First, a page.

Additionally, current brokers are increasingly upset about banks continual compensation changes. Michael, an advisor for a regional bank in the Southeast said, “Banks are always changing the way we hit our bogies. We’ll be midstream into the month and I’m 90% from hitting my goal, then the bankers will change our structure in order to save money. This is just one of the reasons as to why we have a high turnover rate, not only at this bank, but many others.” Michael is not alone. After speaking to dozens of other bank brokers, most said the same thing.

Not only are advisors upset with the habitual compensation changes, but many are upset with how banks force advisors to work with all banking customers. Jason V., an advisor for a large banking company adds, “Banks lure advisors over here by telling them about all these referrals they will get from other banking partners. But they fail to let you know those few referrals you do get are so minute and time-consuming that you’ll never hit your goals.” Jason further adds, “Who wants to spend hours opening an IRA or 529 Plan when you won’t get $30 on your pay grid?” He continues, “The hypocrisy of it all is, even the City Presidents of the bank won’t invest with us. Most of them have money at big brokerages and they’ll tell you they do that so no one at the bank knows their worth. Yet, the ones who are honest tell me they like the wirehouse (brokerages) because it has less turnover and greater capabilities.”

Even those who thrive in the banking environment have issues which hinder their long-term success. David P., a former Merrill Lynch advisor now working at a large bank, says, “I can work my tail off for years and every month it is always the same…at the beginning of the month I start back at zero. No matter how many millions of dollars I have brought into this company I never get to reach a point where I just work with my existing clients. I always have to grow the business and now I’m reaching a point where I can’t sustain those levels.” David goes on to talk about the key difference for advisors who grow their business at a brokerage firm compared to those at banks: “At a brokerage firm I would be able to team up with someone else to help me manage this book, but not at the bank. To them it is always about getting more from you and not having to pay for extra bodies to help “I’m really fed up with it.” says David.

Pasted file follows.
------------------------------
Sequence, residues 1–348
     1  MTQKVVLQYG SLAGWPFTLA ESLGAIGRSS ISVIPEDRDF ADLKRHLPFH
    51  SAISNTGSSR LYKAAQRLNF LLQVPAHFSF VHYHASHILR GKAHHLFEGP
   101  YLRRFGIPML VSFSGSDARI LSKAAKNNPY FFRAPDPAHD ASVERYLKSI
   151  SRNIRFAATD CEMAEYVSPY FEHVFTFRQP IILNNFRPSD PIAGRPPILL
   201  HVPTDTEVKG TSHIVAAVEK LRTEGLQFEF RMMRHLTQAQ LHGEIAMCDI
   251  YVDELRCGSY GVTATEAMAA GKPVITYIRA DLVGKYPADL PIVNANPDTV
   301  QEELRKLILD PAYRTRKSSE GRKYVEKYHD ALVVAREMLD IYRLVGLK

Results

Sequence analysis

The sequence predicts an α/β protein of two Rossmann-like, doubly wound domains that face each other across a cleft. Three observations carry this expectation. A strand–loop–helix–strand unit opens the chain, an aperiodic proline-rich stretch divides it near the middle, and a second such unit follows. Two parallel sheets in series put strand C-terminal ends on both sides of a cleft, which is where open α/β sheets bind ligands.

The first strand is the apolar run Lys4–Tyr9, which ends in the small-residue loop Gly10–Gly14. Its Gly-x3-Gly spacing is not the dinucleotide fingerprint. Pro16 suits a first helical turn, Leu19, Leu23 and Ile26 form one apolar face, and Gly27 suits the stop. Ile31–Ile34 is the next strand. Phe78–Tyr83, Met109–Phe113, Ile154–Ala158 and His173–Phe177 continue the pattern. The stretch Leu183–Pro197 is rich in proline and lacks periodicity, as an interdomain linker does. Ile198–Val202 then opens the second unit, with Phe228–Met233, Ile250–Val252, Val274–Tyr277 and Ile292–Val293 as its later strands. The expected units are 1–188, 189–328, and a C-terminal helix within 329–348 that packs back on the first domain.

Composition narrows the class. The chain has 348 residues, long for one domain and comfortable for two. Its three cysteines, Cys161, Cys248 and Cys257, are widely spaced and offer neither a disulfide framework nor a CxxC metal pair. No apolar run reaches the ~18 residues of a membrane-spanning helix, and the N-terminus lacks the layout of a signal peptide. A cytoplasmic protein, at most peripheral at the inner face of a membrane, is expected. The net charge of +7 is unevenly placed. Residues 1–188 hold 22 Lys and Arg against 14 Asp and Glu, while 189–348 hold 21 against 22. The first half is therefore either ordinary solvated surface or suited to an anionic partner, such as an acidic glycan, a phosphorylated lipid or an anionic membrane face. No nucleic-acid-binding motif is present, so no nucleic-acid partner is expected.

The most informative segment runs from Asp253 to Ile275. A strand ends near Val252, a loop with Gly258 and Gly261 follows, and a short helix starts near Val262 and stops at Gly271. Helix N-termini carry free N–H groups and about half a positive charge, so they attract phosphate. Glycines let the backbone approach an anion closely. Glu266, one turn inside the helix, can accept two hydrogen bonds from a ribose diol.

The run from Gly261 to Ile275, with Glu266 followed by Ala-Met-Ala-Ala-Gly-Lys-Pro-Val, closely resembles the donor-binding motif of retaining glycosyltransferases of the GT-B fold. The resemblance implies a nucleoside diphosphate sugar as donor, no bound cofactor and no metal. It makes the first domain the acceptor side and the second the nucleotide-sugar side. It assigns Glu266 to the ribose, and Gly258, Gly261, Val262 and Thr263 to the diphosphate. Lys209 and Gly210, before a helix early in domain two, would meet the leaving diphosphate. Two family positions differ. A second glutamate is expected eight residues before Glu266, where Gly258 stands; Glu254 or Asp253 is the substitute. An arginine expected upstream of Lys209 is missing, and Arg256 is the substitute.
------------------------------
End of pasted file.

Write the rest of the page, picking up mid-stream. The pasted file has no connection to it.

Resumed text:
Although David’s irritation appears to be about the incapacity to partner with others to help manage his book, he is also upset about the inability to receive income trails from his existing book, while at the same time, having to work with every banking client. This was an item Darrell discussed earlier, an item which banking presidents wanted to thwart to make advisors continually work at higher producing levels. David continues, “When I worked at the brokerage firm I was able to go after the kind of clients I wanted to do business with – no one could tell me otherwise since it was my business. At the bank I have to help every client, even clients who are transferring $250 XXXXX from another bank and expect me to call them and let them know when their investment is down and why it is down.” David adds, “I don’t have the time or the desire for that client but I can’t just say go to Scottrade or Fidelity and do business with them. The branch manager would have a cow. Even if the branch manager understood the amount of time for the money that it would take to do this “ they still want us to accommodate those clients. At the bank, they just think about capturing all assets “not necessarily productive assets, just all assets.”

It may appear that working at a bank is becoming more and more difficult for advisors, but not everyone shares this same opinion. Jim, who used to be a Smith Barney branch manager, is now managing advisors at a large bank in the Atlantic region says, “Banks aren’t as bad as most working in the industry think. For managers it is easier from a compliance standpoint because of the things we can’t offer to clients. I’m not drowning in ticket trades and commodities trades all day like I was at the brokerage firm. I don’t have to deal with advisors” egos either. At the banks, advisors know they don’t have a lot of power. They view themselves as employees and not independent contractors, such as advisors at wirehouses (brokerage firms).” According to Jim, management does face some issues.